No Free Will

Posted: December 1, 2007 in Cognition, Consciousness, Philosophy, Science

Scientists have been working feverishly over the past few decades to debunk some of our most closely held beliefs about ourselves, many of which stem from religion. Among them is the notion that we have free will, that we are rational actors able to determine our own fates according to our best judgment. Free will, of course, is predicated on other psychological constructs such as identity, consciousness, and some sort of immutable soul — all of which have been explained away as emergent properties of the brain or nervous system. The latest chink in the armor is the finding that cockroaches, a rather unworthy proxy for man, may not be automatons responding purely out of instinct. In short, their behavior is suggestible, and by extension, perhaps ours is as well.

In insect societies, individuals lack significance compared to the life of the community. The prevailing thinking is that if there is any sort of awareness with insects, it is a group mind, not an individual one. Though cockroach society isn’t hierarchical, like bee hives, ant farms, or human society, cockroaches behave mindlessly on an individual level, and according to this article in the New York Times, can be induced to act contrary to their nature and instinct, at least in the mundane experiment being reported. In short, they are vulnerable to peer pressure and their internal or instinctual controls can be trumped by external ones.

Writ large, this reports suggests that we humans, too, are less agents of our own authority than metaphorical pinballs careening from impulse to impulse, basically responding to the needs of the moment, and interestingly, constructing a narrative after the fact to soothe ourselves that we chose rather than being subject to mindless response patterns. Philosophers have pointed to this possibility for a long time now, but the rational arguments that demonstrate it are too subtle for the average person and run contrary to our self-interest. Who wants to study and work to discover that in truth there is nothing up there, no one driving the bus, no me in there? The illusion of identity, like the illusion of faith, is so powerful and indeed comforting that even those of us who have been convinced by the arguments in favor of materialism still act on the conscious level (which doesn’t exist, handily) as though we decide things. I don’t actually believe that I have no choice in the matter of writing this blog, yet beneath that self-delusion, my rational mind forces me to admit, albeit unhappily, that I’m responding blindly to the complex of intellectual experiences and memes to which I’ve been exposed. But blindly isn’t quite the right word. Nor is mindlessly. Rather, my lack of free will means that I’m hardly different from the cockroach being tricked into following robot cockroaches. The only difference is that whereas humans may influence cockroaches, there is no puppetmaster pulling our strings. As a society or culture, we’re pulling each others’ strings.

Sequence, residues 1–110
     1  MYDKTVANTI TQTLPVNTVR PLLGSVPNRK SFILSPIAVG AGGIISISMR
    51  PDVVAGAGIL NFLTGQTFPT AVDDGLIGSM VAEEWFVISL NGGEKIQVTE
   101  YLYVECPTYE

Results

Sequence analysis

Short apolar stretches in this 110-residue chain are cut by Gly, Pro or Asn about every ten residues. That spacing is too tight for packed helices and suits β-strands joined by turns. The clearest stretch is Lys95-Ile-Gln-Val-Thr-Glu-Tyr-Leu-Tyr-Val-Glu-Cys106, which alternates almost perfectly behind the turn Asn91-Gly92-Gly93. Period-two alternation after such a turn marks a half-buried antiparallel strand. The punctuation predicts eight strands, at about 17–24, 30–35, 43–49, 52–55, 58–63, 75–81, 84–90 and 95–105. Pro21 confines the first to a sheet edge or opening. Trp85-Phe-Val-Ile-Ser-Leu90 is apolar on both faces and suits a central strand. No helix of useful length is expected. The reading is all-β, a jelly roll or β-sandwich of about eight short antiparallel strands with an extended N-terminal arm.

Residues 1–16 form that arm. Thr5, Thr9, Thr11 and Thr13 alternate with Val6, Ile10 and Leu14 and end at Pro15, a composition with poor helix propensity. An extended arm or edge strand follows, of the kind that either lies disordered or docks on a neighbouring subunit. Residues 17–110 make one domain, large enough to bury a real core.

1. obie1993 says:

    we have some choice in the matters, but fate tends to play a larger role. poor folks aren’t poor because of poor choices they’ve made, and most rich folks are born into wealth, and that is just their pure good luck.

    many asian societies, especially the japanese one, are more group oriented than western societies. this may contribute to positive mental health in that social interaction can be beneficial; however, individuals can pay a high price for sacrificing individual freedom, which can lead to suicide.

    sometimes our brains drive us to do things we would rather not do. folks suffering from severe forms of o.c.d. know this too well. i don’t have time to write a whole book on mental disorders at the moment.

  2. Vilon says:

    Courage for humans is the desire and capacity to finally leave a small box for a larger box and feel free from our newly acquired walls.

    I generally agree that most people are quite content to be pushed around from place to place and belief to belief. How many times did a see a kid slam the door of his parents’ house to let his football coach tell him where to sleep and what to eat. Two years later, he gets married and is bossed around once more.

    But the Buddhist have quite a different take on life in general. They truly invite people to open their eyes, stop this endless dance and simply be themselves for who they are.

    If you think it takes courage to leave a box, just wait until you realise there is no box.

  3. grasshopperkm says:

    Did the scientists happen to study grasshoppers?

    Not by free will, exactly, but by circumstance and personality, I feel as if I live a separate life. My values and beliefs fall far outside what I think make up the mainstream. Does it help me? Does it help anyone? From what I can tell, no.

    Our will may not be strictly free but most people daily choose whether to behave well or not–whether to hurt or help. Yet some biologists can dismiss the most altruistic among us as genetically predisposed to sacrifice. Altruism exists in animal packs. One creature at least is wired to put the good of society before itself. So where are our altruists? What’s happened to them?

  4. obie1993 says:

    Did the scientists happen to study grasshoppers?

    are grasshoppers a kind of marsupial from down under? :-)

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